Editor's note: This story is featured in the Nov. 2 print edition of CityBeat.
Turn-of-the-century photographer Nancy Ford Cones garnered national attention from the likes of Kodak and National Geographic for her dreamlike depictions of rural life in Loveland. Despite being one of the leading female pictorialists of her time, Cones’s work was mostly lost to history following her death in 1962. The Taft Museum of Art’s latest exhibit, Craft + Camera, is the first major presentation of Cones’s work.
Running through Jan. 15, the exhibit is part of this year’s FotoFocus Biennial World Record, which explores humankind’s impact and interactions with nature. Cones created thousands of photographs between 1900 and 1939, using her 33-acre farm in Loveland as a backdrop. Often drawing inspiration from literary sources, Cones’s art was a true community effort: family, neighbors and friends posed in various whimsical, warm and romantic scenes. Subjects included jovial picnics, frolics in the woods, a mother bathing her baby, curious kittens and more.
The show’s curator, Pepper Stetler, first learned about Cones upon meeting Taft’s chief curator Lynne Ambrosini at a conference. Stetler – a professor of art and architecture history and Humanities Center associate at Miami University – says her research and writing have primarily centered on early 20th-century German photography.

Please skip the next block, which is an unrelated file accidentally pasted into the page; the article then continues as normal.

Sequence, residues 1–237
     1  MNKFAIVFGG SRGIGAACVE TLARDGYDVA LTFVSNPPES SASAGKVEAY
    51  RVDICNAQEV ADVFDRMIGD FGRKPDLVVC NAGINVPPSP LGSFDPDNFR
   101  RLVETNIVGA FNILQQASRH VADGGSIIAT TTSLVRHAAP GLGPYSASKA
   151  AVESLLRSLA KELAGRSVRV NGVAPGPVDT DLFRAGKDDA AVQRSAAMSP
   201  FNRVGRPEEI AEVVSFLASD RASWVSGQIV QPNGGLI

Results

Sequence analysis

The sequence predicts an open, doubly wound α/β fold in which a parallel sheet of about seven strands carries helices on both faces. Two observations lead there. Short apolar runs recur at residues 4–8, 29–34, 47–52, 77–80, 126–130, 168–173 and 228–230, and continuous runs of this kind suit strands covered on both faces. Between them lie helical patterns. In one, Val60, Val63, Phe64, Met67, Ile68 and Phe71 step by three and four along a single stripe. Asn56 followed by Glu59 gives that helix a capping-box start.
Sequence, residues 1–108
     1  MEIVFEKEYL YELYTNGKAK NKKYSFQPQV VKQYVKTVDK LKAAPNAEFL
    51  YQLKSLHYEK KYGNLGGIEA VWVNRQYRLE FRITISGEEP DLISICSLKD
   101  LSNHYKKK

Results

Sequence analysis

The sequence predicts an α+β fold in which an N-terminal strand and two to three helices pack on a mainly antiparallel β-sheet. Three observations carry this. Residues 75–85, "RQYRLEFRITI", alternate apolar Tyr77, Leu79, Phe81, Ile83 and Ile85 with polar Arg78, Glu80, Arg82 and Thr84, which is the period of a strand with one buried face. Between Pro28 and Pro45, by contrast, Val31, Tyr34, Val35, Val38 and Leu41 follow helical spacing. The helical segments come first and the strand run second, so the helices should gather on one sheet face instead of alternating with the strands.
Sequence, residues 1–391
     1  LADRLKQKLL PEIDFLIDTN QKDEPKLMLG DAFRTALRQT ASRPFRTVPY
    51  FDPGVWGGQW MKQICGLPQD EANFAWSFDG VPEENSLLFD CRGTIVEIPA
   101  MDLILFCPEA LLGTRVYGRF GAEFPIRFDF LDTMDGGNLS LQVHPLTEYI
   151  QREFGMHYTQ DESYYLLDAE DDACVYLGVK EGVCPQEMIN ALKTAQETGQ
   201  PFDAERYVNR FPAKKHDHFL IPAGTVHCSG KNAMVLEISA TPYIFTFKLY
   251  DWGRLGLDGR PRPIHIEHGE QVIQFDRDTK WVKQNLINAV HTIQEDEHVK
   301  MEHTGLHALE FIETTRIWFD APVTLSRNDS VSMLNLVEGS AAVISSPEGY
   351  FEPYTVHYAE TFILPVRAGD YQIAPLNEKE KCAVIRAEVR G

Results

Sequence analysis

Stetler’s first step in preparing for Craft + Camera was locating Cones’s photography, which was dispersed across private collections and museums in Greater Cincinnati, including the Loveland Museum Center. As she investigated Cones’s body of work, Stetler noticed the artist’s particular interest in the printing practice of photography. Cones would create several different and diverse prints from the same negative.
“I actually thought that it was wonderful because I loved the way that it really went against the grain of the way in which museums usually tell the history of photography,” Stetler tells CityBeat. “This is the kind of practice of somebody who was uninterested in being ambitious and going to New York to make some sort of name for herself; she was perfectly content with living on a farm outside of Cincinnati.”
Stetler notes that Cones’s photography pushes back against traditional narratives about who had access to art making. In the early 20th century, a woman living on a farm outside of Loveland might not be who comes to mind when thinking about who an artist is; however, she certainly gained accolades. In 1905, Cones placed second among over 20,000 entries in Eastman Kodak company’s annual photographic competition for her print titled Threading the Needle, which captures her young niece and aunt Percy as the two work together on what appears to be a sewing project. First place went to Edward Steichen, one of the most renowned photographers of the era.
Though Cones was recognized among other top photographers of the era, Stetler says there are a few reasons her work may have been overlooked. She was a woman at a time when female artists had to fight much harder to be heard and represented not only in the field of photography but in art as a whole. Cones was also a pictorialist, an aesthetic movement during the late 19th and early 20th centuries that championed photography as an art form. By the mid-1910s and ‘20s, Stetler says the style passed out of fashion.